Sustainable packaging

By Lorrin Windahl.

When we think of product packaging we often think of polystyrene foam, cardboard and plastic bags. All of which when you have unwrapped the product go into the garbage or, at best, the recycling bin. But this is an area of design that is changing with designers looking towards more sustainable materials and using less of them.

Polystyrene foam could be the reason for this shift. A highly contentious topic – EPS foam or styrofoam, as it is commonly known, has become the PVC of the packaging industry. Already banned in several countries around the world, polystyrene foam reportedly produces toxic chemicals during production, can leach into the food that is packaged inside, can be found floating in many of our waterways (often choking animals who think it is food) and takes hundreds of years to biodegrade. Any of these factors alone is surely reason enough to look to alternative materials.

Here are some clever designs that use more sustainable materials and minimise the amount of material used. They get the thumbs up from me.

Plantic compostable chocolate tray

Plantic home compostable chocolate tray

Dell bamboo pulp packaging

Dell bamboo pulp packaging

Westinghouse light globe packaging

Westinghouse light globe packaging

Packaging that turns into a coat hanger

Packaging that turns into a coat hanger

Duracell battery packaging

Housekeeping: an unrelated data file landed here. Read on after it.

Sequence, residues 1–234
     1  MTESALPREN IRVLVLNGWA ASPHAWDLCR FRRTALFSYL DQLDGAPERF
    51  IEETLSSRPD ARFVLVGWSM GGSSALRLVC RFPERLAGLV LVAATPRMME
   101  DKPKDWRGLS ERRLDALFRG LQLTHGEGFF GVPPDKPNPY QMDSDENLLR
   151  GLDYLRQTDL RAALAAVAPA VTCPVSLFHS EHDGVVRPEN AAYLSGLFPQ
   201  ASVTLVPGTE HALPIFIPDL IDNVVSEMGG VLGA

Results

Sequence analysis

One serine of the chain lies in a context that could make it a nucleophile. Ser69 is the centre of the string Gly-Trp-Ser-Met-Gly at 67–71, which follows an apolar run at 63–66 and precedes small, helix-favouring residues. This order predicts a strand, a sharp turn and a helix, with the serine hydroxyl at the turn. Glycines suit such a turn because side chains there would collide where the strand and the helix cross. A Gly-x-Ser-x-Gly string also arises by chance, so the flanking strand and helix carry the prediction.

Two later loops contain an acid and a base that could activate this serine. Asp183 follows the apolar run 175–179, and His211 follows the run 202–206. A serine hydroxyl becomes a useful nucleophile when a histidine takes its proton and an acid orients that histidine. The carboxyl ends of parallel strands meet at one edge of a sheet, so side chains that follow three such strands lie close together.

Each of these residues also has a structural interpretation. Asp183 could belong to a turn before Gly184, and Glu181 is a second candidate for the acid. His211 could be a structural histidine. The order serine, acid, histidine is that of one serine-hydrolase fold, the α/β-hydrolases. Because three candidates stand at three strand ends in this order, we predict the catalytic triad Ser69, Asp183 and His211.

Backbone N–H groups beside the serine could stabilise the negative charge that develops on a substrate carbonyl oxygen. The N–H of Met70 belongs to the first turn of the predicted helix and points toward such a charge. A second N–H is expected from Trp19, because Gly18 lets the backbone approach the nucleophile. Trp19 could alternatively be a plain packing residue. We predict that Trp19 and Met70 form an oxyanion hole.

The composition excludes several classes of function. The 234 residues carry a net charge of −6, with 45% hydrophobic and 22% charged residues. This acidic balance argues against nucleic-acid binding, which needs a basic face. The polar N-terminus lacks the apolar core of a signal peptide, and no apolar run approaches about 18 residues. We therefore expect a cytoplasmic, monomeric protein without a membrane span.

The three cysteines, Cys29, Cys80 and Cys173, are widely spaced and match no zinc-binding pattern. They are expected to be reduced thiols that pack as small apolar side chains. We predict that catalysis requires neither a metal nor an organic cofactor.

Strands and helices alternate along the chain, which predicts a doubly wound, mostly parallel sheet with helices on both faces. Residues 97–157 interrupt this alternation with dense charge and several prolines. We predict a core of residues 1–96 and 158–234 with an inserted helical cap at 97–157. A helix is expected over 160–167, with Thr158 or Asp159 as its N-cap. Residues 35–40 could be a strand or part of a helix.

Duracell battery packaging

Light globe packaging

Light globe packaging

Ebay reusable sending box

Ebay reusable sending box

60 day bag - biodegrades in 60 days

60 day bag – biodegrades in 60 days

Paper pulp fabric softener bottle

Paper pulp fabric softener bottle

2 Comments on “Sustainable packaging

  1. Hi

    We are interested in packaging our sports apparel (socks) in environmentally friendly material.

    Could you suggest something for us consistent with the 60 day biodegradable bag that will allow display of our product from the outside.

    Appreciate your time in advance

    Like

    • Hi Andrew
      I’d suggest looking at a clear film which is both compostable (in home compost) and transparent so you can see your product. Plantic offer materials like this that break down with the addition of water. They are most commonly used for boxed chocolate trays. My understanding is that their materials can be thermoformed, vacuum formed and even injection moulded.
      I’m afraid I haven’t come across any textiles other that meet your requirements. Felt is a great material as it is renewable. You might try the Materia website as they might have a new textile that fits your requirements.
      Also pulp might be an option. You can get a bamboo pulp which is renewable and provides a higher quality finish than more commonly used paper pulp.
      I hope this helps.
      Lorrin

      Like

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